… The MEK’s media outlet had called for it.”

All roads to regime change

There is a reason why the regime’s highest officials and security agencies have focused so intently on the MEK and its broadening activities. Over the past 40 years, the organization has been the first and only serious opposition movement calling for the entire theocracy’s overthrow and advocating for regime change at the hands of the Iranian people themselves. This has been the MEK’s consistent strategy since June 1981 when the clerical rulers massacred thousands of MEK supporters on the streets of Iran, leaving no other legitimate option but to call for the complete overthrow of the theocratic regime.

The 2022 uprising has shown in no uncertain terms that the MEK’s strategy was indeed correct and all other proposed alternatives, including “civil disobedience” and inducing vague behavior change in the regime, have been wholly ineffective and futile. Only by aligning with the strategy deployed by the MEK and Resistance Units can other options prove effective. Today, young people in the streets of Tehran and other cities are calling for the regime’s complete overthrow, attesting to the legitimacy and effectiveness of the MEK’s slogans and strategies over the past four decades. In unison with the MEK’s message, protesters are calling for regime change and democracy, explicitly rejecting both the previous monarchy and the current theocracy.

Diversionary tactics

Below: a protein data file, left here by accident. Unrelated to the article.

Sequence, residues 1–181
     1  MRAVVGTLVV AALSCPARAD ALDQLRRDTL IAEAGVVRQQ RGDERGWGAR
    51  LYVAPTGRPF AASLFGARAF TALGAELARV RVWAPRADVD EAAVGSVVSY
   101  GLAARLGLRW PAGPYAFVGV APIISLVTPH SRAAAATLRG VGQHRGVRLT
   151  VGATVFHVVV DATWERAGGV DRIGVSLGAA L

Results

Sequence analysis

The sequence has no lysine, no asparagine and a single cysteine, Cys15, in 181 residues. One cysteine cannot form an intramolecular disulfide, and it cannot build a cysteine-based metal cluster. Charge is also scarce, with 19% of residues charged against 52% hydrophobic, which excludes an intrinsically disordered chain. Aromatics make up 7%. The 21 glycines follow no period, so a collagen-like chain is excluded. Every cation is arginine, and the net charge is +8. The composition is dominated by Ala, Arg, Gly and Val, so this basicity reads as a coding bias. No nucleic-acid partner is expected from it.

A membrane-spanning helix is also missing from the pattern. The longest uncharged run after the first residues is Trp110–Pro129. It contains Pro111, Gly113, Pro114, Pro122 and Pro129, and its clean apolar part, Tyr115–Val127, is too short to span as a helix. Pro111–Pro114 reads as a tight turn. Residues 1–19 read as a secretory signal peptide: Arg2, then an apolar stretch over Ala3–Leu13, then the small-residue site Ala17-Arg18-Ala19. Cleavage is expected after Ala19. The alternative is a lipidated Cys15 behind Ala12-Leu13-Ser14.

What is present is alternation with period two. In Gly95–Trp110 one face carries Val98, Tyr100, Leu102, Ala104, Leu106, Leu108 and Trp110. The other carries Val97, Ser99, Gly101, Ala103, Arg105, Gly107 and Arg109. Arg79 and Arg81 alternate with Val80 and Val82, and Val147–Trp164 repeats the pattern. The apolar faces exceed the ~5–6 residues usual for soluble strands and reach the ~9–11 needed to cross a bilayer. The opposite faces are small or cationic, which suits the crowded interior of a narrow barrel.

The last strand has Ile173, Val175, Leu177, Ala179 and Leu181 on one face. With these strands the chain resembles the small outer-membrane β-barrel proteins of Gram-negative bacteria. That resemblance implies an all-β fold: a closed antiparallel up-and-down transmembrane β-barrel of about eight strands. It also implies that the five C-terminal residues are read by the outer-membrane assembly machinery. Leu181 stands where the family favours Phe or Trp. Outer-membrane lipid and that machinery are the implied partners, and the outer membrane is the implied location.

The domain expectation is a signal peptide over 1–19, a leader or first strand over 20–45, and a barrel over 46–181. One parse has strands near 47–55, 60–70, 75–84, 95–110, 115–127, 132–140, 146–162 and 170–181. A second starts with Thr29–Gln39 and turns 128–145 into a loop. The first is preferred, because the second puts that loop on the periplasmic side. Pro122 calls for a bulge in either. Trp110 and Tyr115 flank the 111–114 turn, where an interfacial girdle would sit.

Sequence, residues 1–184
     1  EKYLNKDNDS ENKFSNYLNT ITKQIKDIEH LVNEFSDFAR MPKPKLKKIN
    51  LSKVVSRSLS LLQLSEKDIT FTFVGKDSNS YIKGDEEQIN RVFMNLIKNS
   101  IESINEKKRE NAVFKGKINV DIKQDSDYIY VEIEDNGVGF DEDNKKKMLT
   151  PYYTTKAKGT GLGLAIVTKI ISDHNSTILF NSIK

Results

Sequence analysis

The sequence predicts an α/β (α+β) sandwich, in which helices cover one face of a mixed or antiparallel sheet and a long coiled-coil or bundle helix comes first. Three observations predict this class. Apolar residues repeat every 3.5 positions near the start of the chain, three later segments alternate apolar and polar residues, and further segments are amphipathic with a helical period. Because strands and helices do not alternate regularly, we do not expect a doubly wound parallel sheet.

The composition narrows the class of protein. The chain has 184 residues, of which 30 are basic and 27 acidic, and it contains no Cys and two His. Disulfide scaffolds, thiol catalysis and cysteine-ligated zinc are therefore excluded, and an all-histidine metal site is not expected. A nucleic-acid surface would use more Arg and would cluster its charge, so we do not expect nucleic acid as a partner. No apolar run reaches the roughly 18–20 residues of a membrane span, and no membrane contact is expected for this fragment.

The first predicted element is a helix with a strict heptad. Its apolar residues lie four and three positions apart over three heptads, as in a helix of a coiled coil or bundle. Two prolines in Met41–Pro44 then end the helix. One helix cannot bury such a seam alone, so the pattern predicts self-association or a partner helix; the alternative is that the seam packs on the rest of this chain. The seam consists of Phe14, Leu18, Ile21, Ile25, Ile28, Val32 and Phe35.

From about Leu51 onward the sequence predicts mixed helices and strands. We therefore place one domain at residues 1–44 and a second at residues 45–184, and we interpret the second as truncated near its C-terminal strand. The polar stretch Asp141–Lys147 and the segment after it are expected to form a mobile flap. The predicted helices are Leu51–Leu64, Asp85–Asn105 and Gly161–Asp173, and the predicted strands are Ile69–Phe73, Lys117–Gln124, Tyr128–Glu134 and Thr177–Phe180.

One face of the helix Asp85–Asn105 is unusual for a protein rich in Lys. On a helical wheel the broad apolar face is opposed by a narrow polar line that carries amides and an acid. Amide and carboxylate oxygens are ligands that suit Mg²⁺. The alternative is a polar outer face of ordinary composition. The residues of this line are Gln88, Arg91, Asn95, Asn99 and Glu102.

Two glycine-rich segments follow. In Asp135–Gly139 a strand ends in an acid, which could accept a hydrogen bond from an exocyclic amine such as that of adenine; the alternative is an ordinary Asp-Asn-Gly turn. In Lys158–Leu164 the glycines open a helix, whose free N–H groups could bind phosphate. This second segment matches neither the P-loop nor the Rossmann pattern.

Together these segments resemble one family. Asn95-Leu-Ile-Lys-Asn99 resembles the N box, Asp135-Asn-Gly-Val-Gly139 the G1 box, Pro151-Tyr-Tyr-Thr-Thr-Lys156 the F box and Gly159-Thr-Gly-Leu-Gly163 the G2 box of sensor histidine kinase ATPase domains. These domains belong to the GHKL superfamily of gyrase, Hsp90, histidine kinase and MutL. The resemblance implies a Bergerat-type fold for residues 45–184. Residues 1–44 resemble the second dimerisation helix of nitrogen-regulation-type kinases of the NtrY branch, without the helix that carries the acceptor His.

This explains why the regime views the MEK and the NCRI coalition as existential threats. Tehran has engaged in multi-faceted tactics against the organized resistance movement to weaken, marginalize and ultimately destroy it.

On the one hand, during previous uprisings, the MOIS tried to promote the slogan “Reza Shah, may your soul rest in peace” to convey the notion that protesters are inclined to support the return of the monarchy. By doing so, the regime sought to demoralize protesters by advocating for the previous infamous dictatorship. But the attempt quickly failed. Video footage capturing scenes of protests, for example in Isfahan, showed demonstrators exposing those who chant slogans as members of the paramilitary Basij. At the same time, eyewitness testimonies exposed this plan even more. For example, Hashem Khastar, a teachers’ union representative who has spent a long time in Mashhad prison, called attention to attempts by the MOIS to promote monarchy over the MEK. He wrote:

“There is a sea of blood separating the regime and the MEK. Everybody knows that the biggest enemy of the regime is the MEK because it has an ironclad organizational prowess and as admitted by the rulers of the regime, they have been involved in all protests. On the contrary, the forces affiliated with the monarchists are incredibly scattered and unorganized. Therefore, the regime is trying to encourage dissidents to move toward the monarchists’ camp. Meanwhile, it has sent infiltrators within their ranks, who express support for the Crown Prince and attack the regime, while simultaneously attacking the MEK. In other words, they identify the main enemy as the MEK rather than the Islamic Republic. To make these individuals appear as credible opponents of the regime, some of them may even be jailed for a while, so that they can acquire a more acceptable standing and safety net, to be able to advance their mission more effectively. Other individuals may fall unwittingly in the intelligence agents’ trap and view the MEK, rather than the regime, as the primary enemy.”